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There are no quick fixes to long-term energy challenges. To find solutions, governments and industry benefit from sharing resources and accelerating results. For this reason the IEA enables independent groups of experts - the Energy Technology Initiatives, or ETIs1.

Energy Efficient End-Use Equipment

As a result of government policies, energy consumption for standby power for televisions has declined in many countries since 2001.

The power of policies 

Policy Context
Many governments have a portfolio of successful energy efficiency policies for buildings, major appliances and industry. However, the wide variety of electrical equipment and their growing complexity pose new challenges for policy makers. As international trade in electrical equipment grows, international co-operation enables countries to develop policy approaches more effectively than acting alone.

The ETI focusing on efficiency of end-use equipment (4E) supports sound policy development in the field of energy efficient appliances and equipment. It provides a forum for governments and other stakeholders to understand effective approaches to policies that will improve efficiencies of electrical equipment. There are currently 12 Contracting Parties.

High-level international commitments can have real and lasting impacts on policy and carbon emissions. The mapping and benchmarking work stream of the 4E tracks the effect of policy interventions on product performance.

One recent 4E report, Benchmarking of the Standby Power Performance of Domestic Appliances, shows conclusively and for the first time that the IEA 1‑Watt plan to reduce standby power1, adopted by G8 ministers in 2005, has been effective.

The majority of devices are now well on course to meet this target, as illustrated by this figure showing the progress on reducing electricity consumption of standby use in televisions. These gains were made possible by policies enacted since 2001. This includes measures such as minimum efficiency performance standards, or MEPS (Korea, Canada); voluntary labelling (United States), and voluntary commitments (European Union).

The 4E analysis concludes that regulatory policies appear to deliver significant gains more quickly than other policy measures. Additionally, early signalling and delivery of a comprehensive policy plan in Korea was particularly successful – driving markets further and faster than could have been achieved through commercial development. The study developed methodologies to assist in the collection and analysis of standby power data to facilitate international comparisons. Six products were tested. For televisions (TVs), nearly 9 519 measurements were collected on over 6 000 TVs2 in six countries or regions, representing approximately 45% of global TV sales in 2011.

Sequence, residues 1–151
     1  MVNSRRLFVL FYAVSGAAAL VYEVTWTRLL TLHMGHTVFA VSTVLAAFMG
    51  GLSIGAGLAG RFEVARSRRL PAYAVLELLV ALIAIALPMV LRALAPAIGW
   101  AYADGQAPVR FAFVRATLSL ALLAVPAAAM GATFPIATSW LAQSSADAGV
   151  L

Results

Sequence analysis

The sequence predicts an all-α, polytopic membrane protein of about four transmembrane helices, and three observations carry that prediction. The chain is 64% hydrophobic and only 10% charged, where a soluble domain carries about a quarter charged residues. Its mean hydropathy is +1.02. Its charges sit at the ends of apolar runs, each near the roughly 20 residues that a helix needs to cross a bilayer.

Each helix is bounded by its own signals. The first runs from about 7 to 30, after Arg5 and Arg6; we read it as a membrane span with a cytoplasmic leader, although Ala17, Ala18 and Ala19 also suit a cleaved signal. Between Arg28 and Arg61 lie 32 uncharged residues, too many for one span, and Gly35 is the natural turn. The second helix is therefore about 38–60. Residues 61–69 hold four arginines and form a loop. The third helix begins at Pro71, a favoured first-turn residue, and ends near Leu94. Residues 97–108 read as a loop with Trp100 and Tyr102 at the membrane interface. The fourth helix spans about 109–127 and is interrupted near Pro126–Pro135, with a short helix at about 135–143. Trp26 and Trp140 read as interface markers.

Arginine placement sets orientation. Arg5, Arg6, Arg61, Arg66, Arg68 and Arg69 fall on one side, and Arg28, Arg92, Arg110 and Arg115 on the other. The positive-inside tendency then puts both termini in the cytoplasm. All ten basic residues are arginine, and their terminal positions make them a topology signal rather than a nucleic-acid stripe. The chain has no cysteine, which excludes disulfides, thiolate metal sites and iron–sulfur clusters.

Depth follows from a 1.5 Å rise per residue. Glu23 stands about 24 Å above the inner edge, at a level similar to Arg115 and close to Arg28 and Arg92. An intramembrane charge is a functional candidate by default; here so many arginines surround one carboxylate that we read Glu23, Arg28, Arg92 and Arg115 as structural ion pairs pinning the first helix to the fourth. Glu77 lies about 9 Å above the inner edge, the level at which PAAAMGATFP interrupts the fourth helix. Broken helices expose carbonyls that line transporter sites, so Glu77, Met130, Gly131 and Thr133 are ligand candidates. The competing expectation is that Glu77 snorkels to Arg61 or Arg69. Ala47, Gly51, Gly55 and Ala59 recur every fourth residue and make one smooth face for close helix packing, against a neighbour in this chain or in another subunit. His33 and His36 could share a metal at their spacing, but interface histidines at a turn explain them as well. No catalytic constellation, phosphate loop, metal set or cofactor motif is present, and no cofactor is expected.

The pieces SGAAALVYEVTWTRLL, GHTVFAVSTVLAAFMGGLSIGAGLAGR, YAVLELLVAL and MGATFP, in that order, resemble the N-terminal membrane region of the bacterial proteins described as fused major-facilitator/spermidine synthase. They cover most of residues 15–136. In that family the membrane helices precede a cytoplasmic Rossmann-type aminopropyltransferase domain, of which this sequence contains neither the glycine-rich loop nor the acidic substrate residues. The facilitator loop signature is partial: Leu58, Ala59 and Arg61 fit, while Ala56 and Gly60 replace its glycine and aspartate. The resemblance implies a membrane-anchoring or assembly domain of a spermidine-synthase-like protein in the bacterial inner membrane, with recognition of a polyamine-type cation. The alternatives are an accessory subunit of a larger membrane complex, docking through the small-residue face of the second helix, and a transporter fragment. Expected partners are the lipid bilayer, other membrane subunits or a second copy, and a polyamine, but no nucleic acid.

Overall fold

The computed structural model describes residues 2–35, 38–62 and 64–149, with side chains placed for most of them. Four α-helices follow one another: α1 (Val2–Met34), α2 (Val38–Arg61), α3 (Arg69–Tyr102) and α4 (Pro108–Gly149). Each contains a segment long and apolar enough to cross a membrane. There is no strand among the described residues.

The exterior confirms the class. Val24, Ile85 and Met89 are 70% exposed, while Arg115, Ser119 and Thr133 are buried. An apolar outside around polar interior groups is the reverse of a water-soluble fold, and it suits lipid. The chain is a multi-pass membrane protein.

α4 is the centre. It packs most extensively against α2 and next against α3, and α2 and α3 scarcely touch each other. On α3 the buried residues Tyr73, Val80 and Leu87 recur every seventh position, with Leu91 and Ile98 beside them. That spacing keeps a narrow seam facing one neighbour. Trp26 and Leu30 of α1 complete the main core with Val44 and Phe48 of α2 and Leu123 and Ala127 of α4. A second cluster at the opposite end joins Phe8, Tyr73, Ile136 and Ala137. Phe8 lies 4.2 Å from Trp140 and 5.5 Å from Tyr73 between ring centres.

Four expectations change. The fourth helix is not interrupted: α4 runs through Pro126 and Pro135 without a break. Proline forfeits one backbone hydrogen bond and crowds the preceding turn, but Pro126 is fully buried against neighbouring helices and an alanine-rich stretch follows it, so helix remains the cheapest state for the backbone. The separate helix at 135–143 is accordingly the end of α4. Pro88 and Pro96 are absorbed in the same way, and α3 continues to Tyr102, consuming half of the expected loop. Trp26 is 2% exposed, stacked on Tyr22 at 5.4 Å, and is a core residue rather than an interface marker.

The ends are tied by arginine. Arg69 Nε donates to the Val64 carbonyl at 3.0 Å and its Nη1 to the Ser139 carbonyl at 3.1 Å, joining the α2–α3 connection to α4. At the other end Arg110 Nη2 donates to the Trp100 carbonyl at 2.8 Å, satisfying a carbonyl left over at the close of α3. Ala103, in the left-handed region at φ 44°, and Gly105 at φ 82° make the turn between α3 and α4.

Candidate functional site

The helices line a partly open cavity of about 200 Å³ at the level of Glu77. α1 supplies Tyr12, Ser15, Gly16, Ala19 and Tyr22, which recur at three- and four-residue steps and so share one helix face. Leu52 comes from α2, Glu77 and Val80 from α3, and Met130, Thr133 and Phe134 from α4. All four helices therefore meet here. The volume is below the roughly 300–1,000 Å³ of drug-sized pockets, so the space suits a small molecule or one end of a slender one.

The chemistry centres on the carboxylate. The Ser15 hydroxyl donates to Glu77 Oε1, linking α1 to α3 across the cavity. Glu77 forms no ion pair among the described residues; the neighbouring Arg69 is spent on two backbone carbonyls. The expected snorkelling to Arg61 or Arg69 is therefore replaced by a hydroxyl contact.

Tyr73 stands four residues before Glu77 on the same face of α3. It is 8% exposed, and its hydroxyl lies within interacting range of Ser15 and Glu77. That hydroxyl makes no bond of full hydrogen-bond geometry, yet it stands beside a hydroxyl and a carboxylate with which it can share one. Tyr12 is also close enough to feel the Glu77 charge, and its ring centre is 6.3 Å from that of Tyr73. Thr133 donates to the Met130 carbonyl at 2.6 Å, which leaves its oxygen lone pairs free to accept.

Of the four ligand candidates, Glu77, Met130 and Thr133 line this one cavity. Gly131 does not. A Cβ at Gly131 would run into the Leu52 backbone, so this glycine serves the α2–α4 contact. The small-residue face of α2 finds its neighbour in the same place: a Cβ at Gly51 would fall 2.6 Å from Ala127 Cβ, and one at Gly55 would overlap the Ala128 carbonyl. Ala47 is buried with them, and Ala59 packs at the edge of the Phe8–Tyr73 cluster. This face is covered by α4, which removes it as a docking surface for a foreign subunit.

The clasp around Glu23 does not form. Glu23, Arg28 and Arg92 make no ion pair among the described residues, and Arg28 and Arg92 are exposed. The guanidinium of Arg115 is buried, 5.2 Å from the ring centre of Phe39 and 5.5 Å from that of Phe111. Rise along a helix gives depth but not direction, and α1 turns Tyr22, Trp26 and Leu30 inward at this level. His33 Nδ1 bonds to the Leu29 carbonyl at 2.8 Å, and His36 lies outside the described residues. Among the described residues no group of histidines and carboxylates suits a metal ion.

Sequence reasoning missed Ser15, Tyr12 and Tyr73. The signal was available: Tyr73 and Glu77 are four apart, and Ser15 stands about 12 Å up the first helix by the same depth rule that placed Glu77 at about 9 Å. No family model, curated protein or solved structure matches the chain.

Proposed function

As well as demonstrating the success of policies designed to address conventional standby power, this analysis highlights the emerging threat of ‘network standby’, when devices connected to networks consume excessive power; while developing policy solutions to tackle these problems.

Similarly, comprehensive and detailed analysis by the 4E of refrigerators, air conditioners, computers, washing machines and lights have been used to formulate national and regional energy efficiency policies in Europe, North America and the Asia Pacific region. 

1. In 1999 the IEA proposed the 1-Watt Plan, i.e. that all countries harmonise energy policies to reduce standby power use to no more than one watt per device.

2. Including cathode ray tubes (CRT), liquid-crystal displays (LCD) (representing 83% of world markets), and others. 

Current projects

  • Electric motor systems
  • Mapping and benchmarking
  • Monitoring, verification and enforcement
  • Policy driven innovation
  • Smart metering infrastructure
  • Solid state lighting
  • Standby power

For more information: 


1.Information or material of the IEA Energy Technology Initiatives, or ETIs (formally organised under the auspices of an Implementing Agreement), including information or material published on this website, does not necessarily represent the views or policies of the IEA Secretariat or of the IEA’s individual Member countries. The IEA does not make any representation or warranty (express or implied) in respect of such information (including as to its completeness, accuracy or non-infringement) and shall not be held liable for any use of, or reliance on, such information.